Crohn's Disease is a severe inflammatory bowel syndrome, characterized by inflammation in discrete sections of intenstinal tissue seperated by healthy tissue. Affecting over half a million people in our country (CDC 2001), this chronic illness has no known cure. Treatments include anti-inflammatory drugs, and tellingly, the anti-mycobacterial rifampicin.

A recent study from the University of Otago in New Zealand has shown a strong correlation between the presence of MAP and Crohn's Disease. Using a PCR detection method, they amplified a region specific to MAP, the IS900 element, from white bloodcells of both Crohn's patients and non-affected individuals. The PCR screen is sensitive enough to detect 100 cells/mL of blood. Furthermore, this study is currently the largest of it's kind, examining samples from over 350 affected individuals and 200 controls. Past studies have only looked at groups of around 50 individuals.
Tissue afflicted by Crohn's Disease
Owing to the larger number of samples, this study lends itself to a more detailed statistical analysis. Firstly they found that 122 of the 361 individuals (33.8%) affected by Crohn's were postive for MAP. On the otherhand, 43 of the 200 control samples (21.5%) were also MAP positive.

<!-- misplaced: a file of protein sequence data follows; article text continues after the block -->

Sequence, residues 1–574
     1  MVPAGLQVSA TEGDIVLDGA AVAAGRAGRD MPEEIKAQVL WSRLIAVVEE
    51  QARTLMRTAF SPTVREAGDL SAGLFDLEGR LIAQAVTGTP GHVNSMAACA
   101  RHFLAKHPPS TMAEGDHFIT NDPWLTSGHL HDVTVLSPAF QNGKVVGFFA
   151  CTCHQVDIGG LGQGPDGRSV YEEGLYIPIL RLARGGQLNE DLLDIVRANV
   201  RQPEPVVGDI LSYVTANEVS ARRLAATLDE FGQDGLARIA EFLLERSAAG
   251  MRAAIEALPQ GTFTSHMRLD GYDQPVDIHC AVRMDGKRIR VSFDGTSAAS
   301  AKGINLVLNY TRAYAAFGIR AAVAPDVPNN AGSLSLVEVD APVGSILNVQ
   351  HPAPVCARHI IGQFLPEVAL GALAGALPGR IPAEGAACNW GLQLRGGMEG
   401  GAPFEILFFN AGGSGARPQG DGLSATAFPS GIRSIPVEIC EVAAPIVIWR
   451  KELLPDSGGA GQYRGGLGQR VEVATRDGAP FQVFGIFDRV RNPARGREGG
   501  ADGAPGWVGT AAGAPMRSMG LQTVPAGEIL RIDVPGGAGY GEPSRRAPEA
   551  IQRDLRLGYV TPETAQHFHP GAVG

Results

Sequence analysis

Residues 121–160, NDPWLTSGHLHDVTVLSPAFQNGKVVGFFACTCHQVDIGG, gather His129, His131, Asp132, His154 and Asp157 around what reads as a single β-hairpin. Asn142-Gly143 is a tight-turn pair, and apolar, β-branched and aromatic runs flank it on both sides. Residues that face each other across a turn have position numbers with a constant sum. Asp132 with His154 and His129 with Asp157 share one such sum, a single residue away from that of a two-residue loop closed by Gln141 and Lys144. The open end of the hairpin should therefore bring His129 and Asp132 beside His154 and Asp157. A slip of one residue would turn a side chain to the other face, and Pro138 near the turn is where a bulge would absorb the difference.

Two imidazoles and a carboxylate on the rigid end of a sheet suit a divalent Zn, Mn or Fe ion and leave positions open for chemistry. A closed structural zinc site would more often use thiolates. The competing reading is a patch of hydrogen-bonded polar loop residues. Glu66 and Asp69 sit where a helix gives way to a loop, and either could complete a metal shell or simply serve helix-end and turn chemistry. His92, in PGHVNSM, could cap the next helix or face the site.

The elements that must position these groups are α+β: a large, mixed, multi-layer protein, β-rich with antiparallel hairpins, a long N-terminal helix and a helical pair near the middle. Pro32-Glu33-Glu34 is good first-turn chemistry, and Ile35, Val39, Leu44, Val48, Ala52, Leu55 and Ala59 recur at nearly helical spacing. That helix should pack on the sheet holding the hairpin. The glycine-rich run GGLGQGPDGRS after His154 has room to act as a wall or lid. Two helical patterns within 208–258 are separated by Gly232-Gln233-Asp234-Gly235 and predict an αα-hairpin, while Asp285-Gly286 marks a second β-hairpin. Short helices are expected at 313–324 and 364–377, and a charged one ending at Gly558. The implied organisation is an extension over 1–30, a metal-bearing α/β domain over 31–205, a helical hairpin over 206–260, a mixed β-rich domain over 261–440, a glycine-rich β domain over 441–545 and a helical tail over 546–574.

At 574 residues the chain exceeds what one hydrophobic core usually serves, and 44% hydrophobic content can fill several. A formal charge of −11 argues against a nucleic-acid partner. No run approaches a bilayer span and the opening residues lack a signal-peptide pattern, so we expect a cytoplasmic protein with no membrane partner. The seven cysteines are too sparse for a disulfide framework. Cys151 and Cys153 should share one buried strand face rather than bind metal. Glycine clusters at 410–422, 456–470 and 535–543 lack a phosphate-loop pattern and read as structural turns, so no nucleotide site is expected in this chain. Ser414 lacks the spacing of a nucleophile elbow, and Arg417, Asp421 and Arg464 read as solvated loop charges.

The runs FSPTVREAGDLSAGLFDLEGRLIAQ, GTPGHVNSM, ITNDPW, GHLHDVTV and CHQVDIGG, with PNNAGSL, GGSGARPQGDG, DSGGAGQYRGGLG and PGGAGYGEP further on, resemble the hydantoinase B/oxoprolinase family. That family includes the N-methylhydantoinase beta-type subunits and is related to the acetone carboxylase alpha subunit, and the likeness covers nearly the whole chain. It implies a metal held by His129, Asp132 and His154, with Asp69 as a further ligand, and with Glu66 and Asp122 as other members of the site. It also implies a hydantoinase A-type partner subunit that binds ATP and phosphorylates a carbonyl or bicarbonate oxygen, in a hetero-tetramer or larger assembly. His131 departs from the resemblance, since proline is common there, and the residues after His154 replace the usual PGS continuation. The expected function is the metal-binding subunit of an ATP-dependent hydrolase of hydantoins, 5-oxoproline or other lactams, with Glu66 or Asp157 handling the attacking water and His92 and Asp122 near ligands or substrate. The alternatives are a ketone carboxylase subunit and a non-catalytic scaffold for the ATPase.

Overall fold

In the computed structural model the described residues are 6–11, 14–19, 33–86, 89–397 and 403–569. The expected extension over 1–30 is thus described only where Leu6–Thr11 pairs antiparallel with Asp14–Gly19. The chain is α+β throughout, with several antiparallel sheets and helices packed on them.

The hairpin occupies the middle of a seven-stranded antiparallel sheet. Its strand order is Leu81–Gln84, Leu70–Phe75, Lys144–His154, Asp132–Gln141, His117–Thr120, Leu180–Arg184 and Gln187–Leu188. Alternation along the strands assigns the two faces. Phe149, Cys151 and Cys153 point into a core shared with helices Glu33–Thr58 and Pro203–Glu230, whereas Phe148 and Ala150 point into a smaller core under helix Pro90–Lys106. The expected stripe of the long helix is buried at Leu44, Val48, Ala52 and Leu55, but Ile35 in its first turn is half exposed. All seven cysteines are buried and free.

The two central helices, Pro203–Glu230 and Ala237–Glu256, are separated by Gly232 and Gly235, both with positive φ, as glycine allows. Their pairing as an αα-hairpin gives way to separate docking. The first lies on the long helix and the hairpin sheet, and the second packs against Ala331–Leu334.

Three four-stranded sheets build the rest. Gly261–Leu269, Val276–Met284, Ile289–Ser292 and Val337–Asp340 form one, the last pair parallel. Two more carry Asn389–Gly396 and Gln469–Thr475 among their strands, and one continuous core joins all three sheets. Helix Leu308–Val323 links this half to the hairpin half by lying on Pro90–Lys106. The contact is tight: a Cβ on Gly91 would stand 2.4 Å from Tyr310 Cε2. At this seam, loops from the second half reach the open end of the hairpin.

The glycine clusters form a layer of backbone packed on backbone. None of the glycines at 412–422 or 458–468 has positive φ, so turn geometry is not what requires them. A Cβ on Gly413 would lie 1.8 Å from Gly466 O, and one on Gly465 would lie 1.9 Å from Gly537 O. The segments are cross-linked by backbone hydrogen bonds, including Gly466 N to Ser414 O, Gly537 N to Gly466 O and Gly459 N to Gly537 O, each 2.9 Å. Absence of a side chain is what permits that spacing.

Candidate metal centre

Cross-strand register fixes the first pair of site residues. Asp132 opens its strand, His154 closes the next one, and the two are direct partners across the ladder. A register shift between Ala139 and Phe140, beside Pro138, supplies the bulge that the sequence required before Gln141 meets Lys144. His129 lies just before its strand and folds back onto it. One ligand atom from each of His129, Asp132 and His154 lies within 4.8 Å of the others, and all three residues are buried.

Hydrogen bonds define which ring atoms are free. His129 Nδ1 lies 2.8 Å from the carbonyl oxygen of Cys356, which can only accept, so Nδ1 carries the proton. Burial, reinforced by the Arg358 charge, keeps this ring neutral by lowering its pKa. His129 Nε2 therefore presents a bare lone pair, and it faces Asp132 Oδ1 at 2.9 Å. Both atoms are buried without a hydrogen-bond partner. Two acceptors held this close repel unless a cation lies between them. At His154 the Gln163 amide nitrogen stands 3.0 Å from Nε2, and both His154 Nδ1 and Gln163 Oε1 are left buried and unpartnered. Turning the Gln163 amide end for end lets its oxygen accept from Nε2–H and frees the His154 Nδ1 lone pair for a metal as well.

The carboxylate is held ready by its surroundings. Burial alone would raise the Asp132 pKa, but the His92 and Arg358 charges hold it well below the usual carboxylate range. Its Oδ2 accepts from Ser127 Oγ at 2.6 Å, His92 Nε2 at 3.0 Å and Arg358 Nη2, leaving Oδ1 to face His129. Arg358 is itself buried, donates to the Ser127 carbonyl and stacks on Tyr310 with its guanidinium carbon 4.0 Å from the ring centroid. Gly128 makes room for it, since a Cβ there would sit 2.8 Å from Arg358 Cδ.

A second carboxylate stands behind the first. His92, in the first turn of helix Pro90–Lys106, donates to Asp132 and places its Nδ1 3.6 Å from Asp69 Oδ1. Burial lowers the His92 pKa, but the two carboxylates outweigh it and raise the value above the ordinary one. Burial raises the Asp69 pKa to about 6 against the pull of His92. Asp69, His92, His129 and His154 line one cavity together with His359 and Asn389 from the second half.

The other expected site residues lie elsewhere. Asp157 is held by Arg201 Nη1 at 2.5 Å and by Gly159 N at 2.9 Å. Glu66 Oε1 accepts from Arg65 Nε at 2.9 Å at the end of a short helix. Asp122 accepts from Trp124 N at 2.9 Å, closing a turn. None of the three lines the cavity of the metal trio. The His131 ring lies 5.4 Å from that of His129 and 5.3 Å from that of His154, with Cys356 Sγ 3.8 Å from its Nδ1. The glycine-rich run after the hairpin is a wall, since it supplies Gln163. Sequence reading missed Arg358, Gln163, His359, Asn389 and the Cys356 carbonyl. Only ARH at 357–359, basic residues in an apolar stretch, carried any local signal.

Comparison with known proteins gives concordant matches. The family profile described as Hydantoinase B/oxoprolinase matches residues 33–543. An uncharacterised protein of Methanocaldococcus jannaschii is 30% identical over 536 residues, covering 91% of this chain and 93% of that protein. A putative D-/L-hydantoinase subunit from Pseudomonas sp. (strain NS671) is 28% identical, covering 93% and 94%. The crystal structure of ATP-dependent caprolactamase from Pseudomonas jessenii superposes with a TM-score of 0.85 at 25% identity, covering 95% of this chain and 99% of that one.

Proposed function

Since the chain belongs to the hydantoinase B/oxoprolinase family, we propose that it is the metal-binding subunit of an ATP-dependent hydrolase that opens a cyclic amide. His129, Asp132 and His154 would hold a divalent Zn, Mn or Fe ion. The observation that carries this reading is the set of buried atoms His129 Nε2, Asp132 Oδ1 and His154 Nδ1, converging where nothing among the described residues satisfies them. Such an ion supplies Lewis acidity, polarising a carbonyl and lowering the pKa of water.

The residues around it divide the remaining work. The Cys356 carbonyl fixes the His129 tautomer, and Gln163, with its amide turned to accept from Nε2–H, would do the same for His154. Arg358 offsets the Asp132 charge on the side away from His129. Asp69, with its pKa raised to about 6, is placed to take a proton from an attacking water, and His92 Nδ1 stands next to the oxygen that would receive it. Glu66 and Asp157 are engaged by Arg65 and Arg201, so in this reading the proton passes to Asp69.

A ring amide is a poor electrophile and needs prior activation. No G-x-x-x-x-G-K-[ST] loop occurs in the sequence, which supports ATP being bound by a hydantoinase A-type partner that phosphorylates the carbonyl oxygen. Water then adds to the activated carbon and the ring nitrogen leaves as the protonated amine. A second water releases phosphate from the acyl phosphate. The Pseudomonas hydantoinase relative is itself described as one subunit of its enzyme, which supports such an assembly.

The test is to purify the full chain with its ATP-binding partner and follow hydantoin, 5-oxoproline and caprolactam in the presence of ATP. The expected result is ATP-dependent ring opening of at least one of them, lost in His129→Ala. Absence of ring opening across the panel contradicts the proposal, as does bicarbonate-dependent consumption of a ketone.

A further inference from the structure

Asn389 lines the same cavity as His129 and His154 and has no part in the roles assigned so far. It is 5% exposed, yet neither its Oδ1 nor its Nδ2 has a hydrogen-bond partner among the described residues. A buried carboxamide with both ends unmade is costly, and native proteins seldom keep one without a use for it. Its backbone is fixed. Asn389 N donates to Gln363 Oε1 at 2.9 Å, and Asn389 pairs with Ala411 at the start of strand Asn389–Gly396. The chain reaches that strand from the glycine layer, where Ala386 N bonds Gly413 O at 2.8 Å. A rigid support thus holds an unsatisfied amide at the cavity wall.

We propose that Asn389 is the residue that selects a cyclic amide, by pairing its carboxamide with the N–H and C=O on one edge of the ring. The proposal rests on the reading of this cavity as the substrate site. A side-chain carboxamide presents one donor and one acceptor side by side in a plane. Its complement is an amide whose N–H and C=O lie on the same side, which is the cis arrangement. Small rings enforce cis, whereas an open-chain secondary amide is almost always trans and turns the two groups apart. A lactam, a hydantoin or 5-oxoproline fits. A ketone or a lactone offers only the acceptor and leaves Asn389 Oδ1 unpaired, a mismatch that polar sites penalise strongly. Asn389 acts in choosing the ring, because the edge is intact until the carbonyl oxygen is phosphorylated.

In my humble opinion, this does not seem significant. However, the author's statistical analysis shows otherwise. They show with a 95% confidence interval and a 0.002 p-value, that MAP is closely associated with Crohn's Disease. A handful of other (smaller) studies have confirmed similar results. However, the conclusion remains controversial due to many other studies that have not found a correlation.

A close friend has said that this study reminds him of the Heliobacter pylori and stomach ulcer story (of Nobel Prize winning proportions). However, a fundamental difference between that story and this one, is that we have yet to show that a pure culture of MAP is capable of inducing pathology in an individual. (Although it is the causative agent of a bovine inflammatory bowel syndrome)
***Revision 17 Oct 2008: An astute reader pointed out that Dr. Rod Chiodini has already fulfilled Koch's Postulates for MAP-induced Crohn's Disease. A little digging found the article: Dig Dis Sci. 1986 Dec;31(12):1351-60. MAP from Crohn's patients was isolated and used to induce the bowel disease in goats! ***

It is my belief that we will find that MAP is not the sole agent of Crohn's, but is likely an instigator for many individuals who are genetically pre-disposed to inflammatory disease. We are peeling back more knowledge each day that demonstrates that disease isn't as simple as an invading pathogen. Stochasticity and host response must be taken into account when determining the cause of disease.

Bentley, R., Keenan, J., Gearry, R., Kennedy, M., Barclay, M., & Roberts, R. (2008). Incidence of Mycobacterium avium Subspecies paratuberculosis in a Population-Based Cohort of Patients With Crohn's Disease and Control Subjects The American Journal of Gastroenterology, 103 (5), 1168-1172 DOI: 10.1111/j.1572-0241.2007.01742.x

Other articles of interest:
Reductive Evolution in Mycobacterium leprae
A Brief Bit More on Reductive Evolution in M. leprae